This section is dedicated to take away all your "I wish someone had told me that before I went!" experiences. This way, you are better prepared for what to expect, what not to expect and can spend less time settling in, and more time making new friends in your chosen hostel. We share our insider knowledge of tips, tricks and important things to look out for in Sua. To help you make friends with Sua before you visit, we've included a few helpful and fun things you should know about the area. Enjoy!
Sua is a quiet beach town on the coast of Ecuador. Its often considered the baby cousin to nearby Atacames, which is much busier and more crowded than Sua. Sua is a great place to come if you prefer to have the beach to yourself! It’s also nestled under some cliffs and has a distinctive rock feature/bird colony called Suicide Rock at the south end of the beach, which makes the setting all the more dramatic.
You can get here by either taking a bus from Quito to Esmeraldas or Atacames and then a bus to Sua. It’s a small enough town that you won’t need any transport to get around. Sua gets busy around Carnival, when Atacames tourism spills over and the town fills up, so make sure you book your hostel in advance. You can see Atacames from the Sua beach, and its possible to walk between the two, but don’t do it at night.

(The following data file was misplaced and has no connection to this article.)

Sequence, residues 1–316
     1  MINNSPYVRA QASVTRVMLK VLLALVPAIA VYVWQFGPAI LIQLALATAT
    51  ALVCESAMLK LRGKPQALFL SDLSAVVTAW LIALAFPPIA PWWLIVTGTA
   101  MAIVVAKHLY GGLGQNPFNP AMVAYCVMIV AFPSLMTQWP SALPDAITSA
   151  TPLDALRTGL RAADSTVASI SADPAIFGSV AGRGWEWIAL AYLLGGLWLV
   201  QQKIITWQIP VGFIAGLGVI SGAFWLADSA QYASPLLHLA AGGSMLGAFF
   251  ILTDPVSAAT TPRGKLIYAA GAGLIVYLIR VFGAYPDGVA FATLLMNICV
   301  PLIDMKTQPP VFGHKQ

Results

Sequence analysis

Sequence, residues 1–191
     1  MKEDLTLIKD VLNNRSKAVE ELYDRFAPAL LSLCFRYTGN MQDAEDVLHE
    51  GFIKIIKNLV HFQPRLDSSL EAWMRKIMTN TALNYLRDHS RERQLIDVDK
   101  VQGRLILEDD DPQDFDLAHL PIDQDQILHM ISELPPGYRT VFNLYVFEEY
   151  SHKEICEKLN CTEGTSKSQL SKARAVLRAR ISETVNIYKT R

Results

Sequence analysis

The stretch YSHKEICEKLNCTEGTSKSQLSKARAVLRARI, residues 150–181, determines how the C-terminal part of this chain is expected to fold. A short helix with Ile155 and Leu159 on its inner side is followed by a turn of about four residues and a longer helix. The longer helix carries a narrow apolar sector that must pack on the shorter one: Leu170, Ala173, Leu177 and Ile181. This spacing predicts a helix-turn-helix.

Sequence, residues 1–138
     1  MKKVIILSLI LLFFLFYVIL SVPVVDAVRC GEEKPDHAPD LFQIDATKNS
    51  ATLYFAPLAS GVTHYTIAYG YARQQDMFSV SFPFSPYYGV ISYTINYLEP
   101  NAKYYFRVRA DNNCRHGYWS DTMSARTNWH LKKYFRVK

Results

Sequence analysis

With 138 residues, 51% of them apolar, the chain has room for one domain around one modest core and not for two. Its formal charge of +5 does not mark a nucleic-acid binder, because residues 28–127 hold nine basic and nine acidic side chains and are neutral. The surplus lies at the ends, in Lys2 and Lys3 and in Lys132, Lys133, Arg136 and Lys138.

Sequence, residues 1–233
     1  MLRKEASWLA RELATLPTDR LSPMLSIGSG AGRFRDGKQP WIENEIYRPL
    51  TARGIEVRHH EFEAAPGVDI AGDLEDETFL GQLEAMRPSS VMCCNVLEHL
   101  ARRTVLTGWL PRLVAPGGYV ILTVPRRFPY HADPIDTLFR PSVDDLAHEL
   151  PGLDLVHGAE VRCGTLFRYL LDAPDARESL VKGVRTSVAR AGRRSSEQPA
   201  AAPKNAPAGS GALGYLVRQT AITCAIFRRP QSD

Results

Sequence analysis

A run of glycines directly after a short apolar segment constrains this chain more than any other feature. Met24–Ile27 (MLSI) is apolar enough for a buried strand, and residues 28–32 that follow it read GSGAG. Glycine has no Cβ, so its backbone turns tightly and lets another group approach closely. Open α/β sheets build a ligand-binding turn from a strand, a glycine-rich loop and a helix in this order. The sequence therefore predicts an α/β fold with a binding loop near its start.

The rest of the year, Sua is laid back and quiet; you won’t find much in the way of parties here but there are a few bars along the beach to relax at. If you want to brush up on your Spanish, there are a few Spanish schools here that are adjacent to accommodation. There are very few hostels in town, so you’re probably better off searching for a homestay if you want to stay long-term (or more than a few days). The hostels and rest of the accommodation are mainly along the main beach road. Alternately, you could choose a hostel in Atacames and walk down here for a day.
As mentioned above, Sua is small and quiet. If you’re here from July to September you can go whale watching off the coast, when the humpback whales migrate north. It takes about 40 minutes to get to the whales feeding grounds but its a refreshing trip through chilly water.
Written by local enthusiast for Sua hostelsJakob Lombardi